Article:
That Crushing Weight We Feel

For the past couple of weeks, I’ve been struggling with chest pain. At first, I thought it was because I had been working my upper body too hard at the gym. But oddly, the symptoms were worse at night. I would be sitting on the couch and get a sensation that my chest was tight, sore, and weighed down.

After a week or so, I started to notice that the pain would creep up during my day. In fact, I can feel it as I type this.

I started to panic and feel worried. I made a doctor’s appointment. Then, I started to talk to various people about it. And people started to open up about their own experiences with this, explaining that in all of their cases, this was a symptom of anxiety.

Huh, I thought. Anxiety. This really felt like a chest issue to me…certainly it wasn’t related to all of my stress. Or was it?

I’m realizing that in my case, it is in fact, anxiety. It’s wild that while we can talk our minds through stressful times, the body knows the stress too and that manifests itself in some very real and challenging ways.

I’m learning to talk to myself in ways that keep my mind as clear as possible. I coach myself up when needed. I remind myself, “Girl, we do not have time for that” and move forward. I mentally work to take it one step at a time.

But I think the body is a bit more complex because while I’m mentally making things work, my body is holding onto all of it at one time. So, I’m trying to notice how I’m feeling. I’m stretching more, working on breathing deeply, and I’m trying something else that is new for me.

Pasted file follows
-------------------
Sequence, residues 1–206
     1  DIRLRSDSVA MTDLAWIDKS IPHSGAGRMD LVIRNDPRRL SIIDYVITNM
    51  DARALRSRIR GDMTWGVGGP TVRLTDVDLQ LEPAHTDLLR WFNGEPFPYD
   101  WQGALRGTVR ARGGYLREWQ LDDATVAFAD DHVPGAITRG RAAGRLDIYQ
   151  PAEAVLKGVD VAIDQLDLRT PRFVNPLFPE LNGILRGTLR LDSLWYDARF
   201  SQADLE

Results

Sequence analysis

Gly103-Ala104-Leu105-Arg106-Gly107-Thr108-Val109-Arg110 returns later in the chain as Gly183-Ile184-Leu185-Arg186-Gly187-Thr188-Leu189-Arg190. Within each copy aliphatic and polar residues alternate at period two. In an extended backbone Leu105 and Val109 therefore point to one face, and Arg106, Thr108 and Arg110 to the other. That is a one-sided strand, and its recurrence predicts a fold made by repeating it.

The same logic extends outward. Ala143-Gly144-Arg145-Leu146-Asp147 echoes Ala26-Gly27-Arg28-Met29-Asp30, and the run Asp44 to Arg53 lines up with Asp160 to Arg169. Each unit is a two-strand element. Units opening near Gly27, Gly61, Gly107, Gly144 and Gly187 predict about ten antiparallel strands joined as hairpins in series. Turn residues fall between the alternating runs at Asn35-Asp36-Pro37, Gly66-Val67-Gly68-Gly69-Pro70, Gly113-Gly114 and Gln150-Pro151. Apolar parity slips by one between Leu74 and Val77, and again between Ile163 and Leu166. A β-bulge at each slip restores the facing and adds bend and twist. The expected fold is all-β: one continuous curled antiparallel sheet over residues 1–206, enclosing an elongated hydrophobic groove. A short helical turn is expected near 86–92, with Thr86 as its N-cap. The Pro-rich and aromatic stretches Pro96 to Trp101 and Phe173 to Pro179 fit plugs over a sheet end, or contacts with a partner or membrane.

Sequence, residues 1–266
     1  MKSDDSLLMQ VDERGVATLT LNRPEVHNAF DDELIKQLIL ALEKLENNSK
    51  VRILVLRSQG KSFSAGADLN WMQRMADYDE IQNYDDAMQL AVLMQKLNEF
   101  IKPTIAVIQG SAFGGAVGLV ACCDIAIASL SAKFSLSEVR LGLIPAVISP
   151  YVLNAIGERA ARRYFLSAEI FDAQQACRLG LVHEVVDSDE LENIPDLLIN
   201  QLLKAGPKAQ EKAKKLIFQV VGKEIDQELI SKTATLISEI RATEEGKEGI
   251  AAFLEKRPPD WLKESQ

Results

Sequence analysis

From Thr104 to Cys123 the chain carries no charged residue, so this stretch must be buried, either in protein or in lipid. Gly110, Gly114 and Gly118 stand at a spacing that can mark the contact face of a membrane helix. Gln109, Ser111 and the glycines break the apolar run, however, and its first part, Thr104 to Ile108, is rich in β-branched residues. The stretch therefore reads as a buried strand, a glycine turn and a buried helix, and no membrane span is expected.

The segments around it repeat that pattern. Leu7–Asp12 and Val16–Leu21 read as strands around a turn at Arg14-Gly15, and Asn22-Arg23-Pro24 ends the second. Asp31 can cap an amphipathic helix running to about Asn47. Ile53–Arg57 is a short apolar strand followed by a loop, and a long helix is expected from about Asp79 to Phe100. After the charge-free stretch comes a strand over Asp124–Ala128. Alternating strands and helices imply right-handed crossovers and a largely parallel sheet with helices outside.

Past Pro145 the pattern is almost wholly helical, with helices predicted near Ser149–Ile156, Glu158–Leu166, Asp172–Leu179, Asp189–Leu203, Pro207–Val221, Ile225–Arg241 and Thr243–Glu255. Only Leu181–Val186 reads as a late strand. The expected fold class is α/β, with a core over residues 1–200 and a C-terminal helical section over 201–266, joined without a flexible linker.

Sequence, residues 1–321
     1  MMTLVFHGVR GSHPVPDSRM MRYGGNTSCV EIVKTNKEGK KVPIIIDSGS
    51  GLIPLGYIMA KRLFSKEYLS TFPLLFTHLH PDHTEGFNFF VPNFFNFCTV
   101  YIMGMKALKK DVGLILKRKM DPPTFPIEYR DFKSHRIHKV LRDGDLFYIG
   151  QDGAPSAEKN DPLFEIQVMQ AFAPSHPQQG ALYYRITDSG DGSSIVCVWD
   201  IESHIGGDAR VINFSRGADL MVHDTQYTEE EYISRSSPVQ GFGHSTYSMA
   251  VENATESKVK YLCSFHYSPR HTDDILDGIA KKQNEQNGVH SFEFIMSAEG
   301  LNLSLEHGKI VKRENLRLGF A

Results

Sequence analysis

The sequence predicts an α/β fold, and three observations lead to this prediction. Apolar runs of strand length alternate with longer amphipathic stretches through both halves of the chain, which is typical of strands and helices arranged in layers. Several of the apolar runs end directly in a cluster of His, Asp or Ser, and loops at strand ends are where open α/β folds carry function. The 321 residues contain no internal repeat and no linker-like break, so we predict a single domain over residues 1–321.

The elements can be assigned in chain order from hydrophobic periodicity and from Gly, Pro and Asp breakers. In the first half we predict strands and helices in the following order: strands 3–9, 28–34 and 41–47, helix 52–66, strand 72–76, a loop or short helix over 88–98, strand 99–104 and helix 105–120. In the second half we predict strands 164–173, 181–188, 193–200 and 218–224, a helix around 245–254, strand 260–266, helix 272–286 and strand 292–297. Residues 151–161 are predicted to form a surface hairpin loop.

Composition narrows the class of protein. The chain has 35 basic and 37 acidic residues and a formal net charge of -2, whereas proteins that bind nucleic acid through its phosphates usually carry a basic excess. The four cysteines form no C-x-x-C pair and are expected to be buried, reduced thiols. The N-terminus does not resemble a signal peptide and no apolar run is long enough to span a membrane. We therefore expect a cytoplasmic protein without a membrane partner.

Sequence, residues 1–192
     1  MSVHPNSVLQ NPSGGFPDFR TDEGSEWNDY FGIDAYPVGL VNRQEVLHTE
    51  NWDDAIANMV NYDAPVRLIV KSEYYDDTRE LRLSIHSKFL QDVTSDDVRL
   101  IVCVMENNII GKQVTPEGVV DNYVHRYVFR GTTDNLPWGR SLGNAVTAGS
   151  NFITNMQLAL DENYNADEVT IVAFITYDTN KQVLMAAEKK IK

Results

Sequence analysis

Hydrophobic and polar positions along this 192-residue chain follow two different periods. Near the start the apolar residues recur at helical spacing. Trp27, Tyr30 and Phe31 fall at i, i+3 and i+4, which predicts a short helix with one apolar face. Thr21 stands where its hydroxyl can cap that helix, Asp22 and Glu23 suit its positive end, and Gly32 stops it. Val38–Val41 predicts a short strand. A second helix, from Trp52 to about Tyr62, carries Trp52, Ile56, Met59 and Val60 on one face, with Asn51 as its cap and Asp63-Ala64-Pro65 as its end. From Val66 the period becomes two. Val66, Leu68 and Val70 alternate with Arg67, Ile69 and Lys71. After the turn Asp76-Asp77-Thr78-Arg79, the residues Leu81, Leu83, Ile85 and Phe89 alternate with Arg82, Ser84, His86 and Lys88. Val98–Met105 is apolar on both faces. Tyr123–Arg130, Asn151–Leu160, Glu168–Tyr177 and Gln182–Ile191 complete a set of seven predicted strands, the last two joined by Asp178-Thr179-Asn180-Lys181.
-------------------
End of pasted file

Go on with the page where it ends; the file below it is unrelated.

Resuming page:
I pay attention to how I’m feeling in situations. If the tv is on, and I feel stressed, I switch the channel or turn it off. It will be no surprise to you that chest pain seems to appear during the news lately. If I’m listening to a book while I’m driving and my chest feels tight, I turn it off and drive in silence or listen to relaxing music.

And if I feel it more with certain people or groups of people, I ask myself whether I need less time with those people. If I do, and if I can find a way, I take that time away.

Maybe this has never happened to you. I’m writing this to let others know that they are not alone if it’s happening to them.

We cannot be good for others if we are not good for ourselves. An escalated adult cannot deescalate a child or any situation for that matter.

Be good to yourselves, educators. We need you, and you deserve peace.

How might you give yourself the time, space, and strategies you need when you feel overwhelmed or overworked?

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